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  • 12th International Symposium on Particle Image Velcoimetry

    Posted on July 13th, 2017 Daniel D. Stuart

    Particle Image Velocimetry and Seeding Particles

    I recently attended the 12th International Symposium on Particle Image Velocimetry in Busan, Korea on behalf of Cospheric, a company that specializes in precision microspheres. With the hope of learning more about seeding particles involved in PIV research and what advancements in microsphere technology would benefit the work being done in flow visualization. Through conversations with many attendees I was able to gather information on some of the important factors involved in tracer particle and their ideal capabilities. An interesting addition to seeding particles brought up by several individuals was temperature sensitive spheres which could potentially provide temperature field information.

    Below is an example of neutrally buoyant microspheres which are used as flow tracers in PIV applications.

    Fluorescent Red Polyethylene Microspheres

    The venue, Haeundae Grand Hotel, was spectacular with multiple large halls available for the over 200 presentations. The surrounding city was a maze of markets and skyscrapers nestled between the mountains and coast. Wonderful weather graced us, even rivaling that of Santa Barbara. Which was not something I had considered possible. I had the pleasure and displeasure of trying many unique foods. With bibimbap from a shop near the beach and shrimp dumplings from a small business steeped in the steam used to cook their dumplings being definite highlights. While the eel which I am still unsure whether was cooked or not falling on the other side of the spectrum. I am still processing the wealth of information from ISPIV 2017 and will express my conclusions as it manages to leak from my head.

  • Use of Polyethylene Spheres for Analyzing Microplastic Transport in Correlation with Earthworm Presence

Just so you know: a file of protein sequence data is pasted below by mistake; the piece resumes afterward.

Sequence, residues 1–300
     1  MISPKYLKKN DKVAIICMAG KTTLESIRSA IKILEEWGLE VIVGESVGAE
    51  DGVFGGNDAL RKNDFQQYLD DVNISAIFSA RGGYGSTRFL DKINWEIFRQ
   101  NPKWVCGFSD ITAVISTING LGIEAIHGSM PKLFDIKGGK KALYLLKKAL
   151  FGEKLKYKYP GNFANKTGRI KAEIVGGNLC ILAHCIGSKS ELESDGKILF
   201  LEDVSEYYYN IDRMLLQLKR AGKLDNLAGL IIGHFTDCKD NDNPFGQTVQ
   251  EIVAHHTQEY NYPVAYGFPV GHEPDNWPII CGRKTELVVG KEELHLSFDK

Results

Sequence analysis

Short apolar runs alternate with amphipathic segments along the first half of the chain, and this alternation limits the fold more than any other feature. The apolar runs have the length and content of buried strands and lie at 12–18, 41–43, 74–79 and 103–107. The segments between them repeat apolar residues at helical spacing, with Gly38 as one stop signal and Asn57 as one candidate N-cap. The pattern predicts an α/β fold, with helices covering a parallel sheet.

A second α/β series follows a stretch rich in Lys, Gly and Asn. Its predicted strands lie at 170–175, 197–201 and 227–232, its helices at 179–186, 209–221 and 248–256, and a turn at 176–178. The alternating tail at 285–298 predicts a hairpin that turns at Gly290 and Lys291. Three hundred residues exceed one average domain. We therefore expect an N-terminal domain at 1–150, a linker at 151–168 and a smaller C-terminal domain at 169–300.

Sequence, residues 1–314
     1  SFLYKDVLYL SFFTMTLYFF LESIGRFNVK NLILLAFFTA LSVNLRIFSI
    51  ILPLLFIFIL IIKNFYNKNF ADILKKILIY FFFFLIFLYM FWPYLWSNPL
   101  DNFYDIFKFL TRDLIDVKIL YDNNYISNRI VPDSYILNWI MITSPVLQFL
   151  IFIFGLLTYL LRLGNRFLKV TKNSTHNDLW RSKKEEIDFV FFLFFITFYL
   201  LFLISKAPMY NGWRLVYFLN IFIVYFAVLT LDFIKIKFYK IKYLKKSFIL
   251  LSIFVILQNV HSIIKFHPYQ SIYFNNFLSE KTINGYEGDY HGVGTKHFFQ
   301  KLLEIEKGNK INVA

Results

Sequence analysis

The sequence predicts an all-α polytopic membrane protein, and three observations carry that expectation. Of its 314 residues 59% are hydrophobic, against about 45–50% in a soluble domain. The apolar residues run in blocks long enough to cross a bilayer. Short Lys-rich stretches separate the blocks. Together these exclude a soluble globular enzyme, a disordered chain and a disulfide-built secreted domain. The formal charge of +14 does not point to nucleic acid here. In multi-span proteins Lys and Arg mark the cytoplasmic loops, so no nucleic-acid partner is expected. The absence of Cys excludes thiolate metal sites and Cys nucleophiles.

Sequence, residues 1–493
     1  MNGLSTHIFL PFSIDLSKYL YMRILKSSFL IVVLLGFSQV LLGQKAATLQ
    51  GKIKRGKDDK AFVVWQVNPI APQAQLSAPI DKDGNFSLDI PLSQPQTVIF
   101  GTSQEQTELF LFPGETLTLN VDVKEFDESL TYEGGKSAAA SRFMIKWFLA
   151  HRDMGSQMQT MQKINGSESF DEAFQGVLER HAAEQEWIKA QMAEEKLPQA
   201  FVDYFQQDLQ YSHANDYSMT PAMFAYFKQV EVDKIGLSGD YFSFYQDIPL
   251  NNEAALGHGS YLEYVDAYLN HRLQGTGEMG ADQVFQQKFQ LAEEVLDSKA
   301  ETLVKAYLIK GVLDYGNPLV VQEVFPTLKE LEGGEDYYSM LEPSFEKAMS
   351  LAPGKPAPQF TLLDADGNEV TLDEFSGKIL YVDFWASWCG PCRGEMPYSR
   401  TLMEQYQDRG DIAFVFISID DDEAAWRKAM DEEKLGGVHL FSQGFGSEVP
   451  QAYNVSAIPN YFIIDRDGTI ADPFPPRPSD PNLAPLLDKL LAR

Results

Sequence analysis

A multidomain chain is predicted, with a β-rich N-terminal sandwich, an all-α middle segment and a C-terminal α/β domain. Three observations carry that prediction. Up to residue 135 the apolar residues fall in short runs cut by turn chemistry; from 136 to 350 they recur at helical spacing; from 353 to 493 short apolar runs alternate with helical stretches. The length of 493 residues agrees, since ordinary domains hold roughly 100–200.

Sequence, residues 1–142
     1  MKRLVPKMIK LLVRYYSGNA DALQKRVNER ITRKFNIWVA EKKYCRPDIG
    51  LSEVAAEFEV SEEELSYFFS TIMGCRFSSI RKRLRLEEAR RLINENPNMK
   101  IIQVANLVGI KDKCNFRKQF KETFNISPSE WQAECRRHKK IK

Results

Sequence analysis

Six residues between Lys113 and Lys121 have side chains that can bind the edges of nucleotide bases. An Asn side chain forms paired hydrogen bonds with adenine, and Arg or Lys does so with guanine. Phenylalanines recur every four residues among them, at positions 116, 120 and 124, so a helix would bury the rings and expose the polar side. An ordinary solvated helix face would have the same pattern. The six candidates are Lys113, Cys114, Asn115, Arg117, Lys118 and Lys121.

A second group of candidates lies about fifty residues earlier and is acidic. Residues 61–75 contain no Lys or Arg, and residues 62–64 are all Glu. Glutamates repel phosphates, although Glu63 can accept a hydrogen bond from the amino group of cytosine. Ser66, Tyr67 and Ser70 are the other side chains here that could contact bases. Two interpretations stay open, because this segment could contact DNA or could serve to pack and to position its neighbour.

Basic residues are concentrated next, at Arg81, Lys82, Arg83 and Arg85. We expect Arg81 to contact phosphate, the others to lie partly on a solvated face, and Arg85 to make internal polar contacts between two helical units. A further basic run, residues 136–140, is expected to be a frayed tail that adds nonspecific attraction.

Posted on July 12th, 2017 Daniel D. Stuart

    Work by Matthias C. Rillig, Lisa Ziersch, and Stefan Hempel at Freie Universität and Brandenburg Institute of Advanced Biodiversity Research in Berlin has been published in an article titled Microplastic transport in soil by earthworms. This article investigates earthworms effect on microplastic movement into subsurface soil layers.

    Polyethylene Microplastic

    With the increase in plastic usage in recent decades the issue of how this discarded plastic will affect marine environments has been studied extensively. However, effects of microplastics on soil environments have not been tested to the same extent. Scientists have begun testing microplastic movement into lower soil layers by analyzing how differing sized polyethylene beads moved in a 21-day period with and without earthworm facilitation.

    The experiment was designed to confirm the assumption that earthworms would aid in particle movement. Results found earthworms to have a significant positive effect on transporting polyethylene particles from the soil surface. While particle size was also an important factor on the level of transportation into subsurface environments. With polyethylene spheres in the size range 710-850um being significantly more likely to move into the lowest layer when earthworms were present.

    With this experiment showing the ability of earthworms to transport microplastics into subsurface layers more research needs to be done to determine the effects this may have on the soil environment and the worms themselves. Including the multitude of other organisms that could also facilitate similar transportation. As well as the possibilities of microplastics reaching ground water where problems similar to those realized in marine systems could occur.

  • Fluorescent Glass Microspheres

    Posted on May 19th, 2016 Microsphere Expert